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Disposables Vs. Cloth Diapers

One of the most common misperceptions aboutcloth diapers is that they are difficult to use and laborious to maintain.

Modern cloth diapers are just as easy to change as a disposable and as easy to maintain as washing a load of laundry.

A few features make modern cloth diapers not only convenient to use but also versatile in their use. Reusable diapers come with hook and loop or snap closures, so you can choose the closure you prefer or easily transition between the two as your baby grows.

With one and two-piece designs with adjustable sizing, you can’t find a more convenient diaper choice. Not only are they easy to put on and take off, but it can also be said that modern cloth diapers contain messes better than disposables thanks to their flexible fit and thicker, more secure elastic around the leg gussets and back.

As far as laundering goes, plan on adding only two or three extra loads to your typical week’s laundry routine. And whilewashing cloth diapers is about as easy as washing a load of towels, what’s even better about having a reusable diaper stash is that you won’t ever run out of diapers—or worry about that happening. You won’t have to make a trip to the store in the middle of the night or incessantly check various stores for good sales on diapers. You also won’t have to smell or carry trash bags full of dirty diapers to the curb every week. All you have to do is rinse your dirty reusables, put them in the washer, and dry them.

Cloth Diapers are Better for Baby's Skin

The health concerns that many cloth diapering parents associate with disposable diapers have to do with exposure to chemicals that are used in the manufacturing of disposable diapers and skin sensitivities.

The chemical dioxin is used in the production of disposable diapers and is a known carcinogen. Though no research has shown a connection between wearing disposable diapers and effects on the skin, there are some concerns that the gases from disposable diapers might be associated with an increase in Asthmatic symptoms in children. Cloth diapers bring peace of mind to families who care about reducing the number of chemicals in their environment their kids are exposed to.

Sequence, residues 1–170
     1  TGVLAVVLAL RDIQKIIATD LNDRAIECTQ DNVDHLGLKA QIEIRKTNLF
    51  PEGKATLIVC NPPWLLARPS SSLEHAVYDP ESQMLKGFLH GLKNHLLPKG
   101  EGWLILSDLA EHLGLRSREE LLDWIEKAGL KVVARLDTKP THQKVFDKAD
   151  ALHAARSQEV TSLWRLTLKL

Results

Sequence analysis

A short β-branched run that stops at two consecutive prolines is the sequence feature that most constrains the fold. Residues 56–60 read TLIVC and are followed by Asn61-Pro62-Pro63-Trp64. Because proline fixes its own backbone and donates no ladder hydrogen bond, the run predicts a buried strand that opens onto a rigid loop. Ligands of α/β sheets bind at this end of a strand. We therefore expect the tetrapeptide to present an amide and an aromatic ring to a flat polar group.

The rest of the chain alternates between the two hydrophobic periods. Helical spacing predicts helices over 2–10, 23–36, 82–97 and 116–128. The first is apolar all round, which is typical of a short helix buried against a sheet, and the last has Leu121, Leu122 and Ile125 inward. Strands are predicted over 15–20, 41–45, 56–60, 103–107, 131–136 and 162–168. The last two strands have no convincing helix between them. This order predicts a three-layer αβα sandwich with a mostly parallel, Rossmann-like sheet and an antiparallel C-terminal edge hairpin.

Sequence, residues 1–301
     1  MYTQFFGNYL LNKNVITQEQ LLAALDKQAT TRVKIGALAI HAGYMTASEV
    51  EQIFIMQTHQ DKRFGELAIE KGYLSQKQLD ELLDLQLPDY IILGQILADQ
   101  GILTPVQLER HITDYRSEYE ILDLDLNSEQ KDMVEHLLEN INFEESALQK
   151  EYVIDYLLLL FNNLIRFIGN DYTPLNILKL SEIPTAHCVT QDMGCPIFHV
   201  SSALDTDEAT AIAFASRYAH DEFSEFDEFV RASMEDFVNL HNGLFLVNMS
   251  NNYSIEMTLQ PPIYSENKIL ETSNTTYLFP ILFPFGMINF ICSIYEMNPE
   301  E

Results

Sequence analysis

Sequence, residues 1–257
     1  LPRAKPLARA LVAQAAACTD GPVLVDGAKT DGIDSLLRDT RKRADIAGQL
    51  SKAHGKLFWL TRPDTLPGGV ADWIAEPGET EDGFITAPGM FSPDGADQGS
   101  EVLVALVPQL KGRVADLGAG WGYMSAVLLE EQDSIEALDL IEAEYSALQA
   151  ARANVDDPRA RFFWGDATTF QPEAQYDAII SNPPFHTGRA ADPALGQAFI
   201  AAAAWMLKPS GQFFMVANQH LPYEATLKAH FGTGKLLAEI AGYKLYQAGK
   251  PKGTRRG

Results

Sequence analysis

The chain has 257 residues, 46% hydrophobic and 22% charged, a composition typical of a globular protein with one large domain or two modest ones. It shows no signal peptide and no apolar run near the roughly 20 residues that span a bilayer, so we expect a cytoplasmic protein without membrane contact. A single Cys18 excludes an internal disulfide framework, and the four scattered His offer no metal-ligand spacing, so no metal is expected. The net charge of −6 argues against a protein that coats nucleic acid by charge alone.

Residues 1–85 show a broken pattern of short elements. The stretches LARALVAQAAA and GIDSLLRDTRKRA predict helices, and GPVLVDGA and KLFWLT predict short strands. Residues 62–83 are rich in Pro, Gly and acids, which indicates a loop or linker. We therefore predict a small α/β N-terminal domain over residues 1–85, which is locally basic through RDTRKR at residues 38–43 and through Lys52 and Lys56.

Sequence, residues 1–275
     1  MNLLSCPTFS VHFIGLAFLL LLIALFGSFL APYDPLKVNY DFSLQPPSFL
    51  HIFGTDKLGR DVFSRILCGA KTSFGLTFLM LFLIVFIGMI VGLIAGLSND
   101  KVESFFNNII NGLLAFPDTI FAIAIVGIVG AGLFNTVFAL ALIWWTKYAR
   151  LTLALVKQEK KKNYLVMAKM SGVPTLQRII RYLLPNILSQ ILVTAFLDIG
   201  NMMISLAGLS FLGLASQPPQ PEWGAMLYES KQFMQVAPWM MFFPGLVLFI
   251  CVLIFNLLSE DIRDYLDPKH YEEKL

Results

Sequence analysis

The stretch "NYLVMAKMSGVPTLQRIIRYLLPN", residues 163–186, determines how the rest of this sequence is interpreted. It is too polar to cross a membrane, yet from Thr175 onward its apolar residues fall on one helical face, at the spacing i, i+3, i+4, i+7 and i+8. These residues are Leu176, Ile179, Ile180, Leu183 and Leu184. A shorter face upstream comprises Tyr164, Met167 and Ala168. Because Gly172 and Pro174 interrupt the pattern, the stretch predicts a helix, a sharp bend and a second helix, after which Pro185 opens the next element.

Ultimately, A Baby’s Skin Is Healthiest When It Is Clean and Dry

Disposable diapers are highly absorbent, which allows them to keep a baby’s skin dry. While this absorbency is great and parents, of course, want to keep their baby’s skin clean and dry, disposables are also expensive. The high price tag can influence parents, sometimes unknowingly, to change their baby less often than every 2-3 hours, which is how oftendoctors recommended changing a baby’s diaper.

The cost per change is less of a factor with cloth diapers because you can reuse each cloth diaper hundreds of times, thus allowing you to change your baby’s diaper as often as needed to keep his or her skin dry and clear of diaper rashes.

Environmental Impact of Disposable Diapers vs Cloth Diapers

If you're usingall-in-one diapers, you only need around 40 for as long as your baby uses them. When they wear out, they can be used as burp towels, washcloths, changing pads, or whatever you need a soft cloth for.

In addition, cloth diapers can be re-sold when your baby grows out of them if they are still in good shape. Many parents are afraid to invest in several new brands of cloth diapers to find out what works best for their children, and buying used diapers is a low-cost option. Using cloth diapers might seem like a daunting, time-consuming task, but actually, they are simple to use, environmentally friendly, and easy on your pocketbook, as well.

Cost of Cloth Diapers vs Disposable Diapers

Almost every decision we make tends to come down to money, and when it comes to the cost of cloth diapers, what you will pay is unquestionably less than the cost of disposable diapers.

Using generic disposables for 2.5 years or longer will cost you more than $1,400. When using a more earth-friendly disposable, expect to pay more than $2,500 during your child’s 2.5-plus years in diapers. In that same timeframe, you can save hundreds to thousands of dollars with a full-time cloth diapering system because your cost can drop to as low as $300 depending on the brand, style, and the number of diapers you get.

What troubles some is having to spend that amount upfront as you build up a supply. But on the flip side, cloth diapers relieve the recurrent stress of budgeting monthly for disposables. Overall, it’s cheaper to choose cloth diapers.

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